Rahman et al. conducted the citrate synthase assay to determine mitochondrial integrity through enzymatic activity of damaged mitochondria. As before, compared to the commercial kits, mitochondrial integrity was higher for those extracted using the microscale shredder in HEK293 and C2C12 cells.

The study demonstrated the importance of membrane stiffness by validating the proposed concept to disrupt neuroblastoma cell membranes (SH-SY5Y). Since the SH-SY5Y cell membrane had a higher elastic modulus than both HEK293 and C2C12 cell lines, the scientists had to optimize the volumetric flow rate in the microscale shredder for effectively disrupting SH-SY5Y cell membranes. Again, compared with the commercial kit extractions, using the proposed method delivered a significantly higher concentration of protein and functional mitochondria for the cell line of interest.

Extracting functional mitochondria using microfluidics devices
A necking section is included in the channel design of the microscale cell shredder to ensure the cells are focused laterally to the center of the flow stream in the microfluidics bioreactor. Credit: Microsystems & Nanoengineering, doi: https://doi.org/10.1038/s41378-018-0037-y

In this way, Rahman et al. investigated the possibility of disrupting the cell to retain the integrity of mitochondrial membranes in diverse mammalian model cell lines. They determined the optimal extensional stress and flow rate inside a microfluidic cross-section bioreactor, based on the Young's modulus of the model cell line of interest. During channel design, the scientists included a necking section in the microfluidic bioreactor manufactured using soft lithography .

The proposed microfluidics microscale cell shredder demonstrated superior capability for extracting functional and proteins by controlling hydrodynamic stress for the first time, compared with commercially available cell organelle extraction kits. The experiments were feasible even with minute quantities of samples (200 µl volume, containing 104 cells/mL) for potential clinical applications. Rahman et al. were able to faithfully replicate the protocol across three cell lines. The experimental work can be translated to a clinical setting to understand mitochondrial dysfunction related disorders in depth.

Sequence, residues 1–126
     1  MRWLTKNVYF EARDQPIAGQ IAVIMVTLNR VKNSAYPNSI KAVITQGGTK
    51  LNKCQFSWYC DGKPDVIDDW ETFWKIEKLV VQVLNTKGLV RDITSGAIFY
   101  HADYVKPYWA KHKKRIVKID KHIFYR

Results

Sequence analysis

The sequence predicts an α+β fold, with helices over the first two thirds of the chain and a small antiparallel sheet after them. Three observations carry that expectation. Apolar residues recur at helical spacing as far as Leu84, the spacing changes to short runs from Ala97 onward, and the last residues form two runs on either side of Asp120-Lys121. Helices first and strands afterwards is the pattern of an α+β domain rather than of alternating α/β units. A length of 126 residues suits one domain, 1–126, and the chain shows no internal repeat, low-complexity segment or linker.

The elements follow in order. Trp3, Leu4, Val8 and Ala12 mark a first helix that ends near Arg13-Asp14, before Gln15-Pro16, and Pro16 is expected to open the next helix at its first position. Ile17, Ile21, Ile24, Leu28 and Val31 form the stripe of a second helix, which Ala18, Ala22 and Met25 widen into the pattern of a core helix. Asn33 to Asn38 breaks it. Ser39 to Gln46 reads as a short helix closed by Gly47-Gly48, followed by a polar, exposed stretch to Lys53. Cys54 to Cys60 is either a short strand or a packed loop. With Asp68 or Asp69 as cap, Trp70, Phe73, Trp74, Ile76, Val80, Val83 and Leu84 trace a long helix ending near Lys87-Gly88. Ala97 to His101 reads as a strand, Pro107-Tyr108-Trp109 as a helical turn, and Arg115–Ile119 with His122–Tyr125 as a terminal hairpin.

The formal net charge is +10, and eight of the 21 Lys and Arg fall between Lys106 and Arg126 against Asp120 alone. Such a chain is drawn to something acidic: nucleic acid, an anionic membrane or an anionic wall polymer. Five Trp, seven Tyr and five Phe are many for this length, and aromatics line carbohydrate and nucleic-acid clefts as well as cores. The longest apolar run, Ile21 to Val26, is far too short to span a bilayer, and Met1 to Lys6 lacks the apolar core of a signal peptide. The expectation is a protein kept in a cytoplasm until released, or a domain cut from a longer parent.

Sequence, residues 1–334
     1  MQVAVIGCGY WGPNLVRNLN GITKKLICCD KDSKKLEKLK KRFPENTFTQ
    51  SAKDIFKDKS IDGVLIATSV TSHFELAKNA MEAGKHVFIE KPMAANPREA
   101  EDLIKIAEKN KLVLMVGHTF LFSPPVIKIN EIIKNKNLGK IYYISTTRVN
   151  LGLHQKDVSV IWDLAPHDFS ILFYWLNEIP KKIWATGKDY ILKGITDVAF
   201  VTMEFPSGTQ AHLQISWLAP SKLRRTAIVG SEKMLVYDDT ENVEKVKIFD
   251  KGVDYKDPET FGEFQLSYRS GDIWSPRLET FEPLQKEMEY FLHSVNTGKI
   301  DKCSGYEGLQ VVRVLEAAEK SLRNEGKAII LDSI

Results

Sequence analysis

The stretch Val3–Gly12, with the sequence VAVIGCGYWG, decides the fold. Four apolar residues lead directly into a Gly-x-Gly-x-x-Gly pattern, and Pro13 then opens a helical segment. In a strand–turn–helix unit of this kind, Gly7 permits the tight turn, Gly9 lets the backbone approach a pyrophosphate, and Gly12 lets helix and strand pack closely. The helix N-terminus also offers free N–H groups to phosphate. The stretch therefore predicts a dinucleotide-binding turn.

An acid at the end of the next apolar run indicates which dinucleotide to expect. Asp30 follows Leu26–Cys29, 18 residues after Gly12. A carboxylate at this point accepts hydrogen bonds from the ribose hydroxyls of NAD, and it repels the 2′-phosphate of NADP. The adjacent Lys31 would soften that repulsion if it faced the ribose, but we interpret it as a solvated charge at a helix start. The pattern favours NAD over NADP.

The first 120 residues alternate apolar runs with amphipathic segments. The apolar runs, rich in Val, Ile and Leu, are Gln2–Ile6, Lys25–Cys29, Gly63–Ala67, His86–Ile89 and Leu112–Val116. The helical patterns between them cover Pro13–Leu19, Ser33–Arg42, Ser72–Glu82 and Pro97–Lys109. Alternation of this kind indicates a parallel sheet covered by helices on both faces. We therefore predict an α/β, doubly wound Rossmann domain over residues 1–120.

Explore further

A cause of possible genetic problems in mitochondria is revealed

More information: Md Habibur Rahman et al. Demarcating the membrane damage for the extraction of functional mitochondria, Microsystems & Nanoengineering (2018). DOI: 10.1038/s41378-018-0037-y

Joyeeta Rahman et al. Mitochondrial medicine in the omics era, The Lancet (2018). DOI: 10.1016/S0140-6736(18)30727-X

Dong Qin et al. Soft lithography for micro- and nanoscale patterning, Nature Protocols (2010). DOI: 10.1038/nprot.2009.234

Young Bok Bae et al. Microfluidic assessment of mechanical cell damage by extensional stress, Lab on a Chip (2015). DOI: 10.1039/c5lc01006c

© 2019 Science X Network

Citation: Extracting functional mitochondria using microfluidics devices (2019, January 16) retrieved 24 June 2019 from https://phys.org/news/2019-01-functional-mitochondria-microfluidics-devices.html
This document is subject to copyright. Apart from any fair dealing for the purpose of private study or research, no part may be reproduced without the written permission. The content is provided for information purposes only.
156 shares

Feedback to editors

User comments

Please sign in to add a comment. Registration is free, and takes less than a minute. Read more